It Was All a Dream: Vancouver’s Cartems Donuterie
It isn’t everyday that someone’s dream comes true. But for Jordan Cash, owner and operator of Vancouver’s Cartems Donuterie, that’s exactly how it happened.
Way back in 2002, while traveling across South Korea, Jordan awoke from some sort of delicious dream. He saw himself, the owner of a nondescript donut shop, and according to Cash, he had even envisioned the name, “Cartems.” It didn’t mean much, or anything for that matter, but the name stuck. From that point forward, visions of donuts danced in his head, and he flew back to Canada ready to follow through. But as we all know, dreams don’t simply happen overnight. It wasn’t until Cash came west, where he enrolled in the University of British Columbia’s MBA program, that the thought really started to take hold. Here, he would shape his idea and turn it into something tangible. After a 16-month program, Cash left with a newly minted plan, ready to show Vancouver a thing or two about donuts. Teaming up with Cartems’ co-owner, Executive Chef Rags, the two would open up a pop-up shop to mass popularity. Cash recounts those first few moments, unsure of what would happen next and where things might go wrong. Recalling the launch’s biggest challenge, he modestly admits: “We weren’t able to make donuts fast enough. There were lineups down the block.”
Although at the time, such success seemed beyond one’s wildest dreams, their trajectory was the result of hard work and an even better batch of recipes. Thanks to their blood, sweat and tears, a team of two turned into fifty, and Cartems can now be found in three distinct locations. Known for their first class confections and beautiful red boxes, Cartems has helped pioneer a mouthwatering movement, one that’s founded on innovative ideas and quality ingredients. As Cash so shrewdly discovered, there was room for a modern-day donut shop. Following in the footsteps of local legends such as Lee’s Donuts, Cartems has taken that artisanal approach and turned it up to eleven. Stepping into any of their storefronts isn’t like wandering into some decaffeinated coffee shop. It’s a unique experience filled with good people, interesting artwork and a certain amount of sex appeal. Cartems is undeniably cool, and the only thing working against that is their deep fried dough.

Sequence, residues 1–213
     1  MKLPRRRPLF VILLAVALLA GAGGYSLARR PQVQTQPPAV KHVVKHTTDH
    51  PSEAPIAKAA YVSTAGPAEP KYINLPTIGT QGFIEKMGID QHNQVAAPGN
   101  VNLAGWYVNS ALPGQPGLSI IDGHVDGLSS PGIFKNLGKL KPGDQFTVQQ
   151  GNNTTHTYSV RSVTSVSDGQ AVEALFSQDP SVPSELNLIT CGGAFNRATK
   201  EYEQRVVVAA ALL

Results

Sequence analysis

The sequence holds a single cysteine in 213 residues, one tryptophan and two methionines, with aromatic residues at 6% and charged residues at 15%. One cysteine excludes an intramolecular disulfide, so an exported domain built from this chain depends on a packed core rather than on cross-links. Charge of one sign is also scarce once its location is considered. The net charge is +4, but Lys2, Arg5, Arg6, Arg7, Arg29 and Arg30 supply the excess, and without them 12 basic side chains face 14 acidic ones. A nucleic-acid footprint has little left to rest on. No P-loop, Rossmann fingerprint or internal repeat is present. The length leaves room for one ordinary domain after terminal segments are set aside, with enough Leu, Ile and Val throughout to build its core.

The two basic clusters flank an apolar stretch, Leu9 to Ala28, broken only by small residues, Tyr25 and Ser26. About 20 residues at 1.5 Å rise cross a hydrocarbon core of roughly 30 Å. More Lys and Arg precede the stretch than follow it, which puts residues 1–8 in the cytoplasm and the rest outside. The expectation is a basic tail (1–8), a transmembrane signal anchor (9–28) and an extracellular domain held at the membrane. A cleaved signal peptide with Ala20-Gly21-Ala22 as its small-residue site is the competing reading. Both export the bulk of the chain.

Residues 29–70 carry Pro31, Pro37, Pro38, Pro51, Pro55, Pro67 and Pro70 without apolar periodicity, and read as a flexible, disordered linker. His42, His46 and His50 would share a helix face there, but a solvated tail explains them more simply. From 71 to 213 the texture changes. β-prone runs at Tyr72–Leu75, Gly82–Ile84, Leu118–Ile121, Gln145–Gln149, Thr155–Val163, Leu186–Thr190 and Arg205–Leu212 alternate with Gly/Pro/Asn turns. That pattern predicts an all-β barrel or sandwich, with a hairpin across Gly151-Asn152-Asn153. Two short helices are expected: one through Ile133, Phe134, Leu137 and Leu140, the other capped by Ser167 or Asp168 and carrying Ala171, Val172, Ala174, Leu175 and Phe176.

For so long, Canadians have simply accepted the dull indulgences of one Mr. Tim Hortons, unwilling or too polite to demand much more. Rolling up the rim to win is one thing, but trying to pass off those uninspired treats is another. Comparing Cartems’ Salted Caramel to Tim Hortons’ Honey Cruller is like comparing apples and oranges, only if oranges tasted like burnt rubber. Meanwhile, Cartems has created a classic menu, reaching another tier entirely. It’s impossible to pick a standout item. You could talk to a hundred people and each person might give you a different favourite donut. But, if you were to ask Jordan Cash, he’ll tell you that there’s nothing better than the Apple Fritter. He may be on to something. Rolling chunks of fresh apple and cinnamon into a yeast dough, Cartems fries it to a crispy perfection and then tops it with a cinnamon glaze. Upon completion, Cash can only ask one thing: “How do you like them apples?”
But to go an entire article without mentioning their Earl Grey Donut (pictured above) would be a disservice. Infused with an organic earl grey tea and topped with an earl grey glaze, this divine invention is an absolute crowd pleaser. It’s the kind of thing the Queen of England might request. But wait! What about their satisfying selection of Cake Donuts, such as the Classic or Honey Parmesan? And we haven’t even gotten into their rotating monthly specials, a failsafe for any diehard donut fan who needs to try something new. In any event, you’re beginning to get the picture. This isn’t some subpar assortment hidden behind sneeze glass. These donuts are the real deal, and according to Cartems’ co-owners, they could be going the distance.
Ask Cash what’s in the cards, and he’ll impress upon you their ambitious but attainable goals. “In five years, I expect Cartems to be national.” Doesn’t seem like much of a stretch to me, especially when Cash himself has come from Toronto. Who wouldn’t want to bring back their baby and show it off to the rest of the world? Until then though, we’ll see what shakes out. If nothing else, Cartems has shown that sometimes dreams do come true, even if they don’t mean much at the time. Consuming so much content makes for one heck of an appetite. Order these dream-like donuts for your next event!
Filed Under: Vancouver